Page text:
you take a close look at it, George's drawing is an accurate picture map
of the features of our back garden. There's the extension on the back
of the house with my studio window in the sloping roof, a large wasp or
bee buzzing menacingly towards us and, in the pond, edged on one side
by pebbles and on the other by grass and iris leaves, he's shown a representative
selection of pond life: a frog, a tadpole and a small fish (as far as
I know we don't have any fish in there, not even sticklebacks).
You'll notice that George has included Izzy's pigtails in his stick-figure sketch, and caught her sunny disposition but he evidently feels it's himself, not his sister, who is best put in charge of the pond net.
The Frogs Asking For A King
THE FROGS, grieved at having no established Ruler, sent ambassadors to Jupiter entreating for a King. Perceiving their simplicity, he cast down a huge log into the lake. The Frogs were terrified at the splash occasioned by its fall and hid themselves in the depths of the pool. But as soon as they realized that the huge log was motionless, they swam again to the top of the water, dismissed their fears, climbed up, and began squatting on it in contempt. After some time they began to think themselves ill-treated in the appointment of so inert a Ruler, and sent a second deputation to Jupiter to pray that he would set over them another sovereign. He then gave them an Eel to govern them. When the Frogs discovered his easy good nature, they sent yet a third time to Jupiter to beg him to choose for them still another King. Jupiter, displeased with all their complaints, sent a Heron, who preyed upon the Frogs day by day till there were none left to croak upon the lake.
The frog above is a detail from an illustration by Brian Robb to Fables of Aesop, translated by S.A.Handford, © Penguin Books, 1954. Brian Robb was head of illustration at the Royal College of Art when I was a student there and I enjoyed my weekly tutorials with him. Looking at that frog again I feel privileged that I had as my tutor one of the last of the black and white nineteenth century illustrators. Actually come to think of it, he didn't date from the nineteenth century but he was in that tradition, along with E.H.Shepherd with his contemporary, Edward Ardizonne.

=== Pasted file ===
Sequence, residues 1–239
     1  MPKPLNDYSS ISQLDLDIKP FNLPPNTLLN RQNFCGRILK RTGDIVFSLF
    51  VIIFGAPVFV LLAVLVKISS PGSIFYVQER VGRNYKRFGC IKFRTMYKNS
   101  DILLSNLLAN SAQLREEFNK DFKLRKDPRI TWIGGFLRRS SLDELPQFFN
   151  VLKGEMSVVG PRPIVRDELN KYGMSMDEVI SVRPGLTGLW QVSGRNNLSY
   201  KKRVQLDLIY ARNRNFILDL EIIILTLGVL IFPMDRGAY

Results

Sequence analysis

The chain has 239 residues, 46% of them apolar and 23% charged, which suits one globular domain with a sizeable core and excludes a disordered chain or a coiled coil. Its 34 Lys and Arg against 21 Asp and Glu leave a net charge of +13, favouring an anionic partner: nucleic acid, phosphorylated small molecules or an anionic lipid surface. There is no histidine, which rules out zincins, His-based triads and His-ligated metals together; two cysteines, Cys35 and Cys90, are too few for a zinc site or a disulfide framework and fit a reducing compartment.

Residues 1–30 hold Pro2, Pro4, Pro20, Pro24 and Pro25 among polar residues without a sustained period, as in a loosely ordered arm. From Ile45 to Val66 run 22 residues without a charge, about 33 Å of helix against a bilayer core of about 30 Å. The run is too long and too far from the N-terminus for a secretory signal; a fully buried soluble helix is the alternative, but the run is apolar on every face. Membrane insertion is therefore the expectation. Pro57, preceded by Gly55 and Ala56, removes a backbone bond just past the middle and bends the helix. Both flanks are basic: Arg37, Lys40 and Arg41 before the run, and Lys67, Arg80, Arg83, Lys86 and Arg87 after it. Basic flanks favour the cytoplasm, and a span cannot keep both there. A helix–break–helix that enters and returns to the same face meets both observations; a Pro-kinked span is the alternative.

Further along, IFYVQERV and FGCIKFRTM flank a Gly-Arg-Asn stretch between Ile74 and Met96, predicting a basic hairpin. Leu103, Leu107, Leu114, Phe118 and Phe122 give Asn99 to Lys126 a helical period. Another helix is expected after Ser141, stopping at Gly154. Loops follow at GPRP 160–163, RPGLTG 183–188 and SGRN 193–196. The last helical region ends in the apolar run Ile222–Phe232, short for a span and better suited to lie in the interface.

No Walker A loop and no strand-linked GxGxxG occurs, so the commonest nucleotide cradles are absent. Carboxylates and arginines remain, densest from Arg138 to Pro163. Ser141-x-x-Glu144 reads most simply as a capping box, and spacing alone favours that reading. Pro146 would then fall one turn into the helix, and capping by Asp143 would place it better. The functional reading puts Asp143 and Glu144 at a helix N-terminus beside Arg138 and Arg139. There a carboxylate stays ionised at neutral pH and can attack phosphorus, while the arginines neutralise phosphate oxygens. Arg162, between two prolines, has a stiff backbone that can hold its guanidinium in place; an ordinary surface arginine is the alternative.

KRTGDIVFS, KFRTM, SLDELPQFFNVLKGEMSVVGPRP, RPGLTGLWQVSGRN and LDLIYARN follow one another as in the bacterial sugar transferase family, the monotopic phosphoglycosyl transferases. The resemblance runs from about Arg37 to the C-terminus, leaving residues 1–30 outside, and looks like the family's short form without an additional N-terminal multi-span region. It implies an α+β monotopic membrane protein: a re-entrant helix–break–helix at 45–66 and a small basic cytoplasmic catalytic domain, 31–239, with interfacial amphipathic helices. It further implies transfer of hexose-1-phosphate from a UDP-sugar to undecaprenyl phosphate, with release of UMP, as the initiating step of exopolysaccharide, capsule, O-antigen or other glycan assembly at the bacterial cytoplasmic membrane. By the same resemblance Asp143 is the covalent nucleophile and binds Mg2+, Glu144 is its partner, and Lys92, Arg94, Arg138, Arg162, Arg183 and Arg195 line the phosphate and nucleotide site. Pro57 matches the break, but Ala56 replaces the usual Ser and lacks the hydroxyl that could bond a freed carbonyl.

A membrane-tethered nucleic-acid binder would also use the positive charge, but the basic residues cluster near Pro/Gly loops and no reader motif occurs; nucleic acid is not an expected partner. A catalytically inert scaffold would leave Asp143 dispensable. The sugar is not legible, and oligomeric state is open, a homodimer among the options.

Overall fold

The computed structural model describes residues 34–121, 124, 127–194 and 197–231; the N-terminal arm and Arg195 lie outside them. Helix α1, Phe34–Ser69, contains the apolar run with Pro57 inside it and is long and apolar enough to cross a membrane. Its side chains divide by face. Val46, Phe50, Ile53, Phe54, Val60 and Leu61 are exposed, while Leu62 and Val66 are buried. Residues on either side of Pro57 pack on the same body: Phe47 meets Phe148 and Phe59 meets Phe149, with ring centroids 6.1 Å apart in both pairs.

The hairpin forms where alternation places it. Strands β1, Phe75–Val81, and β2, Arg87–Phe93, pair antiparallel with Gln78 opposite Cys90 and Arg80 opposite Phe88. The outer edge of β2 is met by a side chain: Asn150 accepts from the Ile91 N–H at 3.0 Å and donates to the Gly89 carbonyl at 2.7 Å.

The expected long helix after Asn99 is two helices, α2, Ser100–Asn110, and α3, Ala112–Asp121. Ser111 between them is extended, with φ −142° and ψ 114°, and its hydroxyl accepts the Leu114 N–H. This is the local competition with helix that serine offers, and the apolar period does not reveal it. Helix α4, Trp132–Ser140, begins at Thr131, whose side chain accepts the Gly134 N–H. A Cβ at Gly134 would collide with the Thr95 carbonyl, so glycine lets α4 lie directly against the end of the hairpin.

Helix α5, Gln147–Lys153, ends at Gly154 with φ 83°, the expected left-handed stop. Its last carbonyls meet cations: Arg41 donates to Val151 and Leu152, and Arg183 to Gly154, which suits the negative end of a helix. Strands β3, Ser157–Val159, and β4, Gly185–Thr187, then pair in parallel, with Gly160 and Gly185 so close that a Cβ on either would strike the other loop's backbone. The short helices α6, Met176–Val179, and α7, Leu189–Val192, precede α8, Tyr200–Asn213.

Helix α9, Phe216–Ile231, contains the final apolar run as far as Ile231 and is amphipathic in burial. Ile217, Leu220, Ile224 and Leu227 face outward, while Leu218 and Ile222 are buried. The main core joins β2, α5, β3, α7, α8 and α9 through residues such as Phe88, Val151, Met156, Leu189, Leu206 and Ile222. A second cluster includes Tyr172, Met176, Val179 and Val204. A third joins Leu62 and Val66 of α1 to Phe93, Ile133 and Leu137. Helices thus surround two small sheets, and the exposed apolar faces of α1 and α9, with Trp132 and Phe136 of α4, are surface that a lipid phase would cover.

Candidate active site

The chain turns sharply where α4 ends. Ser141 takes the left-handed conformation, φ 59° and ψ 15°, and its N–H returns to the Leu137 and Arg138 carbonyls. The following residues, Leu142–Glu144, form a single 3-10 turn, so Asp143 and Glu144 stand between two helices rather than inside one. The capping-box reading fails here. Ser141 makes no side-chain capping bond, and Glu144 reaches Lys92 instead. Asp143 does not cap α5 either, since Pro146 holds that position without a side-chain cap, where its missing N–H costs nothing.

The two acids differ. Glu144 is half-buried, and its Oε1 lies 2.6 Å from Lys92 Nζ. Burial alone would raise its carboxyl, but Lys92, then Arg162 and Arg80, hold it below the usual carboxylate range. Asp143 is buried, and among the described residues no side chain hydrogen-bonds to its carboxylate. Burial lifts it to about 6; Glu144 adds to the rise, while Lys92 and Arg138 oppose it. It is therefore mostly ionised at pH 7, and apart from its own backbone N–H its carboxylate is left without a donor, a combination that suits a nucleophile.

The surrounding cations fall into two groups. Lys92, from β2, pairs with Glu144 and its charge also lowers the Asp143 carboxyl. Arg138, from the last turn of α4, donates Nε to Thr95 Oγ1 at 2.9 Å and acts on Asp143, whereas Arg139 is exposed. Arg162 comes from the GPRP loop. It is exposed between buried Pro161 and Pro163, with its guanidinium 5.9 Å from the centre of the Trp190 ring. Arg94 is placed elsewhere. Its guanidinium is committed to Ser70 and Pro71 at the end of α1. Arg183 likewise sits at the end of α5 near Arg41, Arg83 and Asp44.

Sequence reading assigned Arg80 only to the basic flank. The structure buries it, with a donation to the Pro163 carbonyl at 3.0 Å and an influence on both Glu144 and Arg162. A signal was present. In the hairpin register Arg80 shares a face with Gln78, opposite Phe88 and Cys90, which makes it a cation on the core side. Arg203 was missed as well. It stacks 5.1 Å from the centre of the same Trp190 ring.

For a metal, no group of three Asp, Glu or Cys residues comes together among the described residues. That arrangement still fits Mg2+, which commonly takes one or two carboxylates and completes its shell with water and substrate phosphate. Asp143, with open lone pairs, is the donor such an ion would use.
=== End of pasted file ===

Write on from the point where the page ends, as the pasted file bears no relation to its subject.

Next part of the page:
Whether our frogs appreciate the close attention that the children are giving them is another thing. George catches one and puts it in the plastic aquarium but it looks so glum in there that we ask him to release the unfortunate creature. However it isn't long before he catches another.
Penny, next door's dog, barks at me ferociously as I walk down the garden and she gets a good telling off from Sandra, our neighbour.
'Naughty dog! What are you doing? You mustn't bark at Richard . . . No! - don't try smiling at me. Come here!'
'She was chancing it the other day,' I tell Sandra, 'I had a bucket of muddy water in my hands.'
'You should have thrown it at her Richard. Really you should. She has to learn.'
Sandra presents me with her grandson, Kyle's, pump-action water pistol with instructions that I should squirt Penny if she barks at me again.
I try out the weapon. Wow! - I don't in any way consider myself a violent man but I can't help hoping in the back of my mind that Penny will come out barking again and I'll get a chance to use this liquid deterrent!
I'm writing this a week later and she hasn't barked at me since. She's just observed me through the hedge with an expression that seems to suggest that's she's thinking 'I wonder if he's still got Kyle's water pistol?'
We're wondering why nothing has come up on the bed we planted out with broad beans and vegetable seeds a week or two ago. I look out of the back bedroom window as I'm about to get in the bath and see a collared dove pecking about there. I tap on the window and it goes on pecking.
I go out the back door, in my dressing gown, and shout but it continues, uninterrupted. Not having Kyle's water canon handy I pick up the nearest missile, an old plastic brush, and hurl it at the dove.
We've since covered the bed with garden fleece, weighed down around the edges by a few bricks, and I'm glad to say the beans and seeds are just starting to show.
Since our neighbours Gill and Jim moved to their little farm we don't have raiding parties of hens but I am going to have to keep my young crops covered because of the doves, wood pigeons and the occasional rabbit that tends to show up in the garden at this time of year.